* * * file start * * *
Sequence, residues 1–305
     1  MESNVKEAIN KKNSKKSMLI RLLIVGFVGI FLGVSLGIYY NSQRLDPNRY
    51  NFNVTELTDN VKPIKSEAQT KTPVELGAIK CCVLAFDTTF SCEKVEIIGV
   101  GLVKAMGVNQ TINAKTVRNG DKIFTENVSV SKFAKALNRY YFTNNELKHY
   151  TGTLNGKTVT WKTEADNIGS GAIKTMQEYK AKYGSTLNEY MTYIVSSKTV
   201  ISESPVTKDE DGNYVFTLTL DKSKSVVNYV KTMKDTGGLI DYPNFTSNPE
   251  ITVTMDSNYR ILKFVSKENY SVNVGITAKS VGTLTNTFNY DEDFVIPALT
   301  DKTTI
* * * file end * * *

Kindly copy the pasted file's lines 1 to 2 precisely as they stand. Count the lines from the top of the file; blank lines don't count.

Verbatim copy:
Sequence, residues 1–305
     1  MESNVKEAIN KKNSKKSMLI RLLIVGFVGI FLGVSLGIYY NSQRLDPNRY